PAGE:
Show Less

Contemporary Chinese Aesthetics


Edited By Zhu Liyuan and Gene Blocker

This book is a collection of translations of recent work by contemporary Chinese aestheticians. Because of the relative isolation of China until recently, little is known of this rich and ongoing aesthetics tradition in China. Although some of the articles are concerned with the traditional ancient Chinese theories of art and beauty, many are inspired by Western aesthetics, including Marxism, and all are involved in cross-cultural comparisons of Chinese and Western aesthetic traditions.


Show Summary Details
Restricted access

Comparative Concepts of Natural Beauty: Chen Wangheng 323


Comparative Concepts of Natural Beauty Chen Wangheng The Chinese adopt a different approach to the relationship between man and nature from Westerners. It is the difference in cultural tradition, particularly in philosophical tradition, that has caused the disparity between Chinese and Western concepts of natural beauty. "The unity of heaven and man," the quintessence of Chinese philosophy, seeks to establish a close and harmonious relationship between man and man as well as between man and nature. All the three main schools of philosophy-he Confucian, the Taoist, and the Chan-na (Chan, or Zen Buddhist sect)-preach the "unity of heaven and man," but they stress different things. The Confucians proceed from political and ethical considerations; the Taoists are motivated by a desire to seek spiritual freedom by conforming to natural laws; and the attainment of enlightenment and Buddhahood through intuition taught by the Zen Buddhists presupposes a harmonious co-existence with nature, which is to them full of wonders and mysteries waiting to be discovered and understood, for "the green bamboos hold dharma; the bright chrysanthemums exude prajna." All three schools seek to build a perceptual and emotional relationship with nature on the basis of non-utilitarian and non-scientific understanding. One of the main characteristics of Confucian teachings is the union of external ethical nornlS with the inner feelings and desires of individuals. "The Master said on the river bank: 'Fleeting time flows by day and night like this water,"' a pronouncement full of emotional colors which characterizes the Confucian 324 Contemporary...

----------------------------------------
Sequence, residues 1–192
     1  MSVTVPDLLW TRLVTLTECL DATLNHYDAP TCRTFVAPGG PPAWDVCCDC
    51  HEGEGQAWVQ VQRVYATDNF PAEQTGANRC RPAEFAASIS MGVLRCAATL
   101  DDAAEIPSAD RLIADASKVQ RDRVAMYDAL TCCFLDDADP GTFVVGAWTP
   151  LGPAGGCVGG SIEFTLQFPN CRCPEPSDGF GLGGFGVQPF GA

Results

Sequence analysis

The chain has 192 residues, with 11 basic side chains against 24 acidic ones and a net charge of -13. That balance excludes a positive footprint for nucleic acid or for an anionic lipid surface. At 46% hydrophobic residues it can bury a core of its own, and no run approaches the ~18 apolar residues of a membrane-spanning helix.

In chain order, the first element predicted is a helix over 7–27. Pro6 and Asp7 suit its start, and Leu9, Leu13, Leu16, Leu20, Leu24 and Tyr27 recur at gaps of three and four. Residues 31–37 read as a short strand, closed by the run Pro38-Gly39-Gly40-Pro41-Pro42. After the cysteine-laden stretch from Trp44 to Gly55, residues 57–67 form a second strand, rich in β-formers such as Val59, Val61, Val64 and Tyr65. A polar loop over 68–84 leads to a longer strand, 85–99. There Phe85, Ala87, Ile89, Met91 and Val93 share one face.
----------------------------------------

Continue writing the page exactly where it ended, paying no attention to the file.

You are not authenticated to view the full text of this chapter or article.

This site requires a subscription or purchase to access the full text of books or journals.

Do you have any questions? Contact us.

Or login to access all content.